Converting from unicode to ASCII
ambassador at fourthworld.com
Wed Sep 23 14:26:58 EDT 2020
If I understand her problem correctly, file identification need only be
in one direction.
As far as I can tell from the description, everything that needs to
determine which file to access does so by using a string from which the
hashed file name can be derived.
That she already has a munger to derive the file name seems to reinforce
My only suggestion was to change how the existing munger works to
satisfy the two problem areas identified: that names not be too long,
and that any munger not remove so many characters as to make the file
name non-unique or empty.
In some respects the benefits of a hash in this case are similar to
using a UUID. But UUID is arbitrary and therefore requires establishing
and maintaining a lookup table. In contrast, a hash is directly
derivable from the file name, providing the same benefit as UUID for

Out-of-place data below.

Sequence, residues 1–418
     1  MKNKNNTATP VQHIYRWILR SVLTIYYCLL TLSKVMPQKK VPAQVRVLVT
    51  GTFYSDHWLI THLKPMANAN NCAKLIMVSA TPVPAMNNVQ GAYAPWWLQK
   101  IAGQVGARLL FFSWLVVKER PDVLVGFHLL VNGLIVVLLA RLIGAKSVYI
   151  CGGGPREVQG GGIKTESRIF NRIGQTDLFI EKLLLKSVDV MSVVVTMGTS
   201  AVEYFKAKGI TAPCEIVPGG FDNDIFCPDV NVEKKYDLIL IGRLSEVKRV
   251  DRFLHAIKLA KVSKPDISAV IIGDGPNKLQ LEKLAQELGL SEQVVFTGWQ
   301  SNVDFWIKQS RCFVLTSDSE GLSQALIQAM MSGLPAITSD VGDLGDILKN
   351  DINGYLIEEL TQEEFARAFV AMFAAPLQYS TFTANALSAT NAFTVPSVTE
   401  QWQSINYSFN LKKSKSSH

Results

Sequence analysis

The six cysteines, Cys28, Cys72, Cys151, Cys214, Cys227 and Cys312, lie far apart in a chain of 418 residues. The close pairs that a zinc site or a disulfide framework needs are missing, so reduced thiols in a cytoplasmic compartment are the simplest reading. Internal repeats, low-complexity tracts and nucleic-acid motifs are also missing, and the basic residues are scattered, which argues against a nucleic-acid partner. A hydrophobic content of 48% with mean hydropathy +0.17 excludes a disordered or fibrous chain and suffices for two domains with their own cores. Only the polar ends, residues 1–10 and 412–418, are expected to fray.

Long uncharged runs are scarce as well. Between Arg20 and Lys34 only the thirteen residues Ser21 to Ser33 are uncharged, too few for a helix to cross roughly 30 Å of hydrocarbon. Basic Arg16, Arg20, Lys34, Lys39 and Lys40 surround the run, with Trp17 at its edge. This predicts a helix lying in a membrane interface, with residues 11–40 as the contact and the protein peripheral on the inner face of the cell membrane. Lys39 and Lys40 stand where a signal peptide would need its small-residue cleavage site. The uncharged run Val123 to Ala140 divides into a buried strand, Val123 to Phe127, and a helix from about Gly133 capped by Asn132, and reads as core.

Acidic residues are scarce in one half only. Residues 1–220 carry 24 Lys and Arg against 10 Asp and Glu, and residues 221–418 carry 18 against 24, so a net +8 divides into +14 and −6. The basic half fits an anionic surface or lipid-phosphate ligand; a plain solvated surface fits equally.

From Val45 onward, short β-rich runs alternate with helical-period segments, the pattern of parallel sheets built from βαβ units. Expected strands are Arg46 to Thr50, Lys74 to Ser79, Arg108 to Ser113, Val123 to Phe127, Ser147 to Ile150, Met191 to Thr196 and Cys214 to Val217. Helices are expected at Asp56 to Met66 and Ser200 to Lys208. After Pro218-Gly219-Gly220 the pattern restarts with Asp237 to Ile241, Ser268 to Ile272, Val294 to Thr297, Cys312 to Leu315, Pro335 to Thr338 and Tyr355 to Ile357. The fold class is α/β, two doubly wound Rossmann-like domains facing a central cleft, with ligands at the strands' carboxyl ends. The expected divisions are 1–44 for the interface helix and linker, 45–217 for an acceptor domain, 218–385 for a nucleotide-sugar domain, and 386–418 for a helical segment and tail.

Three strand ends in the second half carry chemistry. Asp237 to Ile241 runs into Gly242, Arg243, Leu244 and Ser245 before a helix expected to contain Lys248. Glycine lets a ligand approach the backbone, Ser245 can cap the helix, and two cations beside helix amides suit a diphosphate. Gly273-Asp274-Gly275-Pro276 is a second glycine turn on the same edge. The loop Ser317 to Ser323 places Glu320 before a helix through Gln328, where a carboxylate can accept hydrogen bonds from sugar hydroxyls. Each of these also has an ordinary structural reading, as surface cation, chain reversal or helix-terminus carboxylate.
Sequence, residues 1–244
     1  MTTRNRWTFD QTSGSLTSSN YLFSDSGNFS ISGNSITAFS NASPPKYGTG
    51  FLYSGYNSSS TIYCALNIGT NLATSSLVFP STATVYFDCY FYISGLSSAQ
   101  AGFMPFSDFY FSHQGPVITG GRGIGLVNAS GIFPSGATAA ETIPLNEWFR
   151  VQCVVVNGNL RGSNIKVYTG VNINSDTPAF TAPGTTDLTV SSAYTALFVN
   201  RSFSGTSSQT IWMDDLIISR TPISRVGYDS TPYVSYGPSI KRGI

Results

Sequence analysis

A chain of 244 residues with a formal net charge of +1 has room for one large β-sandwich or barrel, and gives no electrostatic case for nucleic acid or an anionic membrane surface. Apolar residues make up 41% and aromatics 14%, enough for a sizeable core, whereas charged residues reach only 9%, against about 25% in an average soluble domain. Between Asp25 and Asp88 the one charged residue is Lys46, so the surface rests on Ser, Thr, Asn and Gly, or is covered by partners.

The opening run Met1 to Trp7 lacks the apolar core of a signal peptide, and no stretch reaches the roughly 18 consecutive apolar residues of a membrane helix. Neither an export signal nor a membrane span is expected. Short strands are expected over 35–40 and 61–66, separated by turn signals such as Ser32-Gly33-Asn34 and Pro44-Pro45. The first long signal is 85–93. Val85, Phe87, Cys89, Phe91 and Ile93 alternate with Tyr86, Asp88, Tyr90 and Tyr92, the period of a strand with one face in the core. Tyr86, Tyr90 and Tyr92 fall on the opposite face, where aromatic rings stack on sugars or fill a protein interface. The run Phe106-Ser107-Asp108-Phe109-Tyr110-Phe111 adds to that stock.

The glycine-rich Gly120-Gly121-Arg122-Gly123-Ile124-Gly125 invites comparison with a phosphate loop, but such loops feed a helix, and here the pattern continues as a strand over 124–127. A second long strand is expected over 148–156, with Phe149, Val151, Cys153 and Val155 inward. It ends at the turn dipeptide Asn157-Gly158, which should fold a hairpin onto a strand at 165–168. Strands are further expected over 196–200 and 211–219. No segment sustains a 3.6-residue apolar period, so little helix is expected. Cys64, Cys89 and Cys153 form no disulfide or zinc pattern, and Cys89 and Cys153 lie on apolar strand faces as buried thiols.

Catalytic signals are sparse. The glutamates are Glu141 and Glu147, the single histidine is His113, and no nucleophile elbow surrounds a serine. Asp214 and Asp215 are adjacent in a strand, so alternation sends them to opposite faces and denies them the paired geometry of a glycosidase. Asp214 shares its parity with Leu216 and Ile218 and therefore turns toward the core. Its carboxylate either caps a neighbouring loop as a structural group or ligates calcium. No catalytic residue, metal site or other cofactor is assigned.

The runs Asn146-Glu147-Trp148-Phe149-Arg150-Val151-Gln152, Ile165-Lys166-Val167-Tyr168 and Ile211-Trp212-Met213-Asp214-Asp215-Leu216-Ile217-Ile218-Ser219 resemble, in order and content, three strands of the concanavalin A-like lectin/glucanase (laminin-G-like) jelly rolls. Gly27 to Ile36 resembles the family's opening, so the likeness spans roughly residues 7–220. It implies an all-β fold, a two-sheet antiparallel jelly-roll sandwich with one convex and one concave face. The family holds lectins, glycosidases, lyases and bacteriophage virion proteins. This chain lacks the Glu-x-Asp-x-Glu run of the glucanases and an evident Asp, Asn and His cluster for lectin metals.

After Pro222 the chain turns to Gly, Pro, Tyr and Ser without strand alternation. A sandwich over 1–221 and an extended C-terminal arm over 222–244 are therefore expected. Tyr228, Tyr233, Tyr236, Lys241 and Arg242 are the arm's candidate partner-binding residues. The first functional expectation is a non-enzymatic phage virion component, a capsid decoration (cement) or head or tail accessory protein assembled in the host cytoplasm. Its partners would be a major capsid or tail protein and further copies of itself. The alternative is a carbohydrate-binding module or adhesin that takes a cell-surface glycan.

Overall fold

this case but without the need for a lookup table.
Like the old saying goes, "There are two hard problems in computer
science: cache invalidation, and naming things".
Lookup tables are effectively a form of cache, a secondary replication
of data, very useful at times but best avoided unless absolutely necessary.
- Richard Gaskin
Fourth World Systems
Bob Sneidar bobsneidar at iotecdigital.com
> How do you get back to the filename?
> On Sep 23, 2020, at 8:03 AM, Richard Gaskin wrote:
>> One workaround for their storage name limitations I've seen used
>> elsewhere is hash-based names, giving you a string that is plain
>> ASCII, of a fixed and usable length, and is derived from the file
>> name so systems don't need to maintain a lookup table to find the
>> file based on a given string.
>> This will give you a 40-char string in plain ol' ASCII unique to the
>> function CleanHash s
>> get binaryDecode("h*", sha1Digest(s), tHash)
>> return tHash
>> end CleanHash
>> get CleanHash("MyFile.txt")
>>> ...When the user selects a name from a list, the selection is munged
>>> to match the server name and the download URL is obtained from the
>>> cron job's lookup file.
>>> We don't have a field in the database for a file name.
>> Since a hash is derived from the file name, you don't need to
>> maintain a lookup table as you would with an arbitrary string like
>> If I understand your problem correctly, that file identification need
>> only be in one direction, just add the hash as part of your existing
>> munge and you're pretty much done.
>> Richard Gaskin
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